THOUSANDS of teachers will miss out on performance pay bonuses, after the Gillard government today announces it will slash $200 million from its budget commitment to reward top teachers.
Under sweeping changes, the scheme's funding will be almost halved over four years and bonuses will be linked to new national teaching standards.
In the May budget, the government pledged $425 million over four years to pay the top 10 per cent of teachers bonuses of up to $8100 from 2014.
The scheme was criticised on the grounds it had not worked overseas, would undermine teamwork in schools and was inconsistent with new national teacher standards that would create the opportunity for enhanced career and salary structures.
The Education Minister, Peter Garrett, will today announce the bonus scheme will be cut to $225 million over the four years to 2014-2015.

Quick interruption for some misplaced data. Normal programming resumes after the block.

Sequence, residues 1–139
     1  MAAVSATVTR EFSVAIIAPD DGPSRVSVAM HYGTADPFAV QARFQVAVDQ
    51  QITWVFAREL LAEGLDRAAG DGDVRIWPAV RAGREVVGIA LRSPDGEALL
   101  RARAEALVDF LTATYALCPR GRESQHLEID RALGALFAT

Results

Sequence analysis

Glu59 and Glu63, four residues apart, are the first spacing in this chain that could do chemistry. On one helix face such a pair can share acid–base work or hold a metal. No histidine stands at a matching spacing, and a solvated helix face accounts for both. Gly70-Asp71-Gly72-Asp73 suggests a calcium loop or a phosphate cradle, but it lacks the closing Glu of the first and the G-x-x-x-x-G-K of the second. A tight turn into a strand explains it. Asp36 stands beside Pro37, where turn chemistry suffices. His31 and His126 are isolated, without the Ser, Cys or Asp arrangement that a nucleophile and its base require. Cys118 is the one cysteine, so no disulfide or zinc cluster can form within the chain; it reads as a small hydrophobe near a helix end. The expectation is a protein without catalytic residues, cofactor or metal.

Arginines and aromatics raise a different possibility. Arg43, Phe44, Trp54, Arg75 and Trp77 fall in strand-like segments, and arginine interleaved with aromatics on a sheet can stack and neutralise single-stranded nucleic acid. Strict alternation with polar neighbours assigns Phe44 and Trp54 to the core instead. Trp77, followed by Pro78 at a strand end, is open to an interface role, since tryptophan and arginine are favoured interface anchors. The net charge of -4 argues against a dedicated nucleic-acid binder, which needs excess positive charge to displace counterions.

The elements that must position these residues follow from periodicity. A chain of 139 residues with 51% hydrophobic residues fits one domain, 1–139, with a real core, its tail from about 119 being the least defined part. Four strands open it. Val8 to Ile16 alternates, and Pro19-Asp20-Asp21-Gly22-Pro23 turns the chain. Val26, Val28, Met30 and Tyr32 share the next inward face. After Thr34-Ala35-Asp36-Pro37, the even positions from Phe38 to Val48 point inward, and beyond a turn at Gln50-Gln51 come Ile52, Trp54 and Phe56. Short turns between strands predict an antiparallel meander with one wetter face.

Funding will be available to about 8000 teachers in 2014, but they will receive the payments only if they are accredited as highly accomplished or lead teachers under the new national standards, which are yet to be rolled out.
Mr Garrett said the saving ''gives us the opportunity to help bring the budget back into surplus''.
The changes to the reward payments scheme come a week after the Productivity Commission said it should be deferred, warning experiments with bonus pay in the US had produced mixed results.
Earlier this month the Treasurer, Wayne Swan, recommitted the government to cutting spending to return the budget to surplus. This year's deficit is projected to be $23 billion.